It was Benjamin Franklin, writing in 1789 who was said to have made the comment, “the only certainties in life are death and taxes.” Two hundred years later there are a load of other things we could add, but CHANGE is the one factor that seems to be a permanent feature of my clients personal and professional lives.
For most organisations change is a fact of life. Not changing is not an option and standing still ultimately results in organisations falling behind. As a result, managers and leaders that I work with and coach can feel ‘punch drunk’ at the scale and pace of change they experience around them.
Their teams show signs of ‘burn out.’ People are tired, disengaged and feeling the pinch of increased workloads. People feel worried about their jobs, and there can often be a real, palpable sense of weariness at the prospect of learning ‘something new.”
I recently did a poll with a number of my corporate contacts, asking them what’s the bigger priority, getting managers to buy into the changes that are being made or supporting them in driving the change themselves? For the most part most people said that the biggest single challenge is getting managers to buy in. Getting managers to understand the big picture and so that they can get others on board, seemed like the top priority for many!
As ever there’s no easy answer here, but I’ve used the following idea to help people identify the types of actions to take when we are trying to build a momentum for change.
It’s based on a paper by by Donald T. Tosti, PhD, CPT, and John Amarant, CPT entitled ‘Energy investment – beyond competence.’
Many of the people that I work with are expected to deliver change, and at a pace; which can mean they try and force change with their team. So, it’s no wonder managers talk of ‘resistors’ and ‘blockers’ and people who are ‘just negative’ about a forthcoming change.
You can use this model to understand, peoples attitude to change and the level of energy that they are expending towards or against it. Clearly the aim is to build your own ‘Active Supporters.’
So, here’s a few top tips;
Your Active Resistors, whilst exhausting they are at least engaging with the change. In so much as they are finding all the problems and issues with your idea. Think about how you can encourage them to share the ‘weaknesses’ they’ve spotted along with a potential solution for each. The focus here is on redirecting their energies;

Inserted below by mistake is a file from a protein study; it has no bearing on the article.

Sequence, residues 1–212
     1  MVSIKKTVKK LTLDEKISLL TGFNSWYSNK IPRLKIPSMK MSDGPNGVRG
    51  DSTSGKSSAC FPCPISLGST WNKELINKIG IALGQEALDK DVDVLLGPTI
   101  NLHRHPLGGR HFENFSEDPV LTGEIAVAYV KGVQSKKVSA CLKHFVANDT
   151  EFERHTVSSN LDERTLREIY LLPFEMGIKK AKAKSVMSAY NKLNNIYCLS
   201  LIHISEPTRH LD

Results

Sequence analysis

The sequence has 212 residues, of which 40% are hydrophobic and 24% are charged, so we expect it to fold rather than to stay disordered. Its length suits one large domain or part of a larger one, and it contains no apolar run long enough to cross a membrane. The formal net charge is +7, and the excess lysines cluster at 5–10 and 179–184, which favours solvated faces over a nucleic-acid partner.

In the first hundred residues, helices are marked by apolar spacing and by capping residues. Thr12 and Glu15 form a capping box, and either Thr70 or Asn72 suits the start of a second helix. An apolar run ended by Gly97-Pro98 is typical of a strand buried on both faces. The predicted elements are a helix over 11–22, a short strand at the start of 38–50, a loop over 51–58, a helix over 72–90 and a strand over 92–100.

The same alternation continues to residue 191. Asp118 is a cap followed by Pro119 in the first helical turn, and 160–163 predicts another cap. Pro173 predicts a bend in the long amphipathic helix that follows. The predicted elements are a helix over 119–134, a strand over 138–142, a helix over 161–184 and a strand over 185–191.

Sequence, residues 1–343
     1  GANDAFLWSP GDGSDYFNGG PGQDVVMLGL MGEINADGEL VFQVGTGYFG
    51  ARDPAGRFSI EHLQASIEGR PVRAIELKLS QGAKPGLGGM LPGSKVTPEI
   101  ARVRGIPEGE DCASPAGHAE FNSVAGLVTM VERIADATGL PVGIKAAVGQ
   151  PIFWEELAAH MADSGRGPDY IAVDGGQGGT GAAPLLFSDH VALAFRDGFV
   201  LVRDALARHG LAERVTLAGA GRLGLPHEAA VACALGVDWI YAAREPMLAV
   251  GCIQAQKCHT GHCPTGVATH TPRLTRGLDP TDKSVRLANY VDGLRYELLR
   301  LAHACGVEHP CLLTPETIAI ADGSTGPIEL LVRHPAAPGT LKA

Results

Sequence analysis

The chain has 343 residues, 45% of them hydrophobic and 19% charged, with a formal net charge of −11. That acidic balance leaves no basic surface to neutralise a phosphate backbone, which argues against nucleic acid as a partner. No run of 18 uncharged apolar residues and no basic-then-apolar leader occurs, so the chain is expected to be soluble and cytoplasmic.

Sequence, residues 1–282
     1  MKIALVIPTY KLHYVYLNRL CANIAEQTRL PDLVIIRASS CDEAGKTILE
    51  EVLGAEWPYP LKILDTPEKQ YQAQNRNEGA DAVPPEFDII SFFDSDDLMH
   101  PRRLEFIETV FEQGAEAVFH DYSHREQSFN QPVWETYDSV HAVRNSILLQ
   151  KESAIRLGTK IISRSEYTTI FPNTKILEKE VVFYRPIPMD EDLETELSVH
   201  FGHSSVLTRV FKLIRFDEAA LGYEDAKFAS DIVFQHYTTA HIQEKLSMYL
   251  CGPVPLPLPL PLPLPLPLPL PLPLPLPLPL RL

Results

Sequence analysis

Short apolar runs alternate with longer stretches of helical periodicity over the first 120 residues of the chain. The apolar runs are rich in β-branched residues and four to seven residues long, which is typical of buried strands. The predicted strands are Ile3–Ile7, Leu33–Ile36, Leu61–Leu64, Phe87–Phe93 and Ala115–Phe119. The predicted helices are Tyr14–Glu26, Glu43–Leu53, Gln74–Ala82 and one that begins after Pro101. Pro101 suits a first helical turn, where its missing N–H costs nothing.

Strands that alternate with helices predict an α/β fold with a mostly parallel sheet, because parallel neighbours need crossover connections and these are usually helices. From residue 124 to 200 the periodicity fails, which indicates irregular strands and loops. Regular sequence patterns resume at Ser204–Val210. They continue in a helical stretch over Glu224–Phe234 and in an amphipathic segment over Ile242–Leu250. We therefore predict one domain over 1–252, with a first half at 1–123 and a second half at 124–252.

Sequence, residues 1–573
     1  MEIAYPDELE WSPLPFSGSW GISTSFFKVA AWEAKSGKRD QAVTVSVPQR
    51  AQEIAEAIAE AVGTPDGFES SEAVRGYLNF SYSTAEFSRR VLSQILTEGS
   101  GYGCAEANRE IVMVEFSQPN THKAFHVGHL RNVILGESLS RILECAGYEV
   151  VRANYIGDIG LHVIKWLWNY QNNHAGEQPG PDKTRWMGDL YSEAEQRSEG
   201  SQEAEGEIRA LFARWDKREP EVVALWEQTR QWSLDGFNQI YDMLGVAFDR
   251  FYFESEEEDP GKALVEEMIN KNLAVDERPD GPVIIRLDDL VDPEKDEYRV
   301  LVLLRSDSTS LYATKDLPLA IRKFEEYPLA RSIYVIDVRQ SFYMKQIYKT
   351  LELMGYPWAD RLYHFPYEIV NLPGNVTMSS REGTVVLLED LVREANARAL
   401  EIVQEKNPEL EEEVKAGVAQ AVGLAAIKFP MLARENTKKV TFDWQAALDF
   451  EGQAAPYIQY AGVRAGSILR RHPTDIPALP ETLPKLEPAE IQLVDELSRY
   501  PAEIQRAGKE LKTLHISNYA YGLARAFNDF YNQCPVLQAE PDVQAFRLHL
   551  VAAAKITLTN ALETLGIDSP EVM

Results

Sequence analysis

- Challenge your experienced ‘cynics’ to come up with some solutions.
- Ask what they need for them to feel part of the change
Passive supporters, are those people who are supporting your change but in a less obvious, more ‘under the radar’ way. the focus here is to encourage them to take action, rather than wait and watch, so you can focus on;
- Asking what is going on for them? How do they feel about the change? What problems do they foresee that we could work on?
- Finding out what they need in order to take the first steps – and set some clear expectations
- In addition, an appeal to the importance of their role can be effective, for example, “We need you as an active partner out there doing things. We can’t hope to deliver high customer value without you.”
Passive resistors, are those people who often act as if they are powerless to influence events and may conduct themselves as “victims.” They appear minimally engaged with their work or the team, they are just “doing their jobs” and little more. The focus for this group, needs to include all of the above, supported by messages from senior management that give people the confidence to take risks. And, as with cynics, there must be follow up.
Managers must be prepared to accept the inevitable mistakes when people try new things—and respond with support and advice, not punishment or criticism. If we ask people to stick their necks out in support of change, we must make sure the first efforts are not so painful that no one wants to take a chance again.
These messages, coupled with visible action and support throughout the organization, can also go far toward bringing some of the Passive Resistors out of their shells.
Most change communication events are designed for the players—those who readily take action to initiate change. They ignore the population of cynics and spectators who often make up a substantial portion of the audience.
Communication of change needs to consider how to appeal to each of these “market segments” in the employee population. Spectators need the motivation and confidence to take action. Cynics need to be convinced that the change effort is real and that they can genuinely influence the results.
I work with lots of organisations, helping them to build support for change. Drop me a message if you’d like to find out more about how we can work with your own managers to build commitment and momentum for lasting change!!